Then, just stop and look apologetic and let the manager make a comment. There is no point in memorizing a long speech because she will know what you are trying to say and would rather you keep it brief.  If you try to minimize Lisa’s actions by saying you don’t know for sure about her lunch, the manager will know that isn’t true. If you say Lisa does take her lunch break, the manager will probably know that is not true either. If you say anything else to justify your remarks, it will sound like an excuse. So, just say you are sorry you said anything and give that brief explanation.

Here is why the explanation is important: It will let the manager see you as an employee who wants to do good work and is worried that you are not doing it or worried that the manager is dissatisfied. That might make you seem a bit needy, but at least it will not portray you as someone who is only interested in pointing a finger at someone who is doing good work.

Then, focus on your own work and keep moving forward. There is no point in bringing the subject up to your co-worker. If the manager tells her about your comments, she may or may not say anything to you. If you two aren’t very close anyway, there was probably no relationship to damage, but you should apologize if she mentions it and hope she accepts that apology. Find one or two other co-workers who you do like and be a work friend to those people, staying open to the other employees, including “Lisa”.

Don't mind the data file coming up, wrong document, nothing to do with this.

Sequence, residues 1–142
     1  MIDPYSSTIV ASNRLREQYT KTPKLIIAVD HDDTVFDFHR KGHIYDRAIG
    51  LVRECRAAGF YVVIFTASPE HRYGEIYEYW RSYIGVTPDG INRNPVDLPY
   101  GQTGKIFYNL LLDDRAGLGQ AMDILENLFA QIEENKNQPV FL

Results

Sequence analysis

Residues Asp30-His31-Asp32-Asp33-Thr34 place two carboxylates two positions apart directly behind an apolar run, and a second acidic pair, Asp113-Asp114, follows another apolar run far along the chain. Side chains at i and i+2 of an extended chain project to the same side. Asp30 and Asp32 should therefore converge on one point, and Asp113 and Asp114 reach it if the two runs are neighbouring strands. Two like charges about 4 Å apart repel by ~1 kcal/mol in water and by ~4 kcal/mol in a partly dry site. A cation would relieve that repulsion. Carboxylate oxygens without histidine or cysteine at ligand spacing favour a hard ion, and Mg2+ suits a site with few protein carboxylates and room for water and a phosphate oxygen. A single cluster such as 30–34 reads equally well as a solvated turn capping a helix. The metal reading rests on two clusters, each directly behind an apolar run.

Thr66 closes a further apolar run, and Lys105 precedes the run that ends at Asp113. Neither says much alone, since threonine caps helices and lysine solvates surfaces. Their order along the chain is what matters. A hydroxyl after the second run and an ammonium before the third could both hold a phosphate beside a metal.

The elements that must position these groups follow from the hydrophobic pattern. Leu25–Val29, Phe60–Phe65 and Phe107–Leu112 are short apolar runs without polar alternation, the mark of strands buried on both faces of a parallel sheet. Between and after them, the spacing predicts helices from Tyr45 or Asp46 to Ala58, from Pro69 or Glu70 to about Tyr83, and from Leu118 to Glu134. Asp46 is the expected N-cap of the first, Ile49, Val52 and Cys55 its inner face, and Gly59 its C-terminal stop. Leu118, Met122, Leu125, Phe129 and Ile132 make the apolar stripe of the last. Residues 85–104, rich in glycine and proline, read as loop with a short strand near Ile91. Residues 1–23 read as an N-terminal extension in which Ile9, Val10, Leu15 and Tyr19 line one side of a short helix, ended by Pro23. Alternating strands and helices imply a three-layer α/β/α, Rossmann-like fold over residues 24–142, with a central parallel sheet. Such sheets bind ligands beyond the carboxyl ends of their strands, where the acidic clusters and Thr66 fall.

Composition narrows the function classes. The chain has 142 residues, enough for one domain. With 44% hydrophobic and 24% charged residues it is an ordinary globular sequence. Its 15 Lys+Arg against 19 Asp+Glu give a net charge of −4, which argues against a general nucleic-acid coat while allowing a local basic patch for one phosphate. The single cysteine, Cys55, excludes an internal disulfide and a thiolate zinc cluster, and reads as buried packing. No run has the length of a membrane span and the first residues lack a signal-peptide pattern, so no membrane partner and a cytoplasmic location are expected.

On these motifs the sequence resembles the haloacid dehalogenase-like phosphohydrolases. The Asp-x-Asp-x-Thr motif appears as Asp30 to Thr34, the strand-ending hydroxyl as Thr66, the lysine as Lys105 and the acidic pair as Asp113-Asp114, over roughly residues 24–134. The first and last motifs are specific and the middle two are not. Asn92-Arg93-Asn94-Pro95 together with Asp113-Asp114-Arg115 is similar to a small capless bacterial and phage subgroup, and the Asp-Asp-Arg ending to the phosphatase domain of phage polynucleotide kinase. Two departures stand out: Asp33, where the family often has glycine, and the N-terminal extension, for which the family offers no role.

The most difficult part of this will be going in to see the manager. If you have been at work since then, you can say that you have thought about it every day. But, do it first thing, the next time you are at work and get it over with. If you see the manager outside her office and can be private, do it then. Then, unless the manager brings it up, don’t mention it again. Move forward and let it fade into awkward history, as you gain more knowledge and skills related to your job. If you gain influence and abilities, there will be plenty of positive things to replace this one incident.

Best wishes to you!

Tina Lewis Rowe

To Ask the Workplace Doctors readers: If you have questions about a time when a complaint about a co-worker was unintentional or if you have thought there was unfair or unequal treatment of employees or if you have some other workplace question, look at our archives of thousands of questions and responses  and get some ideas for what to do next.  Or, ask us a question about a specific concern.

Tina Lewis Rowe

Tina had a thirty-three year career in law enforcement, serving with the Denver Police Department from 1969-1994 and was the Presidential United States Marshal for Colorado from 1994-2002. She provides training to law enforcement organizations and private sector groups and does conference presentations related to leadership, workplace communications and customized topics. Her style is inspirational with humor.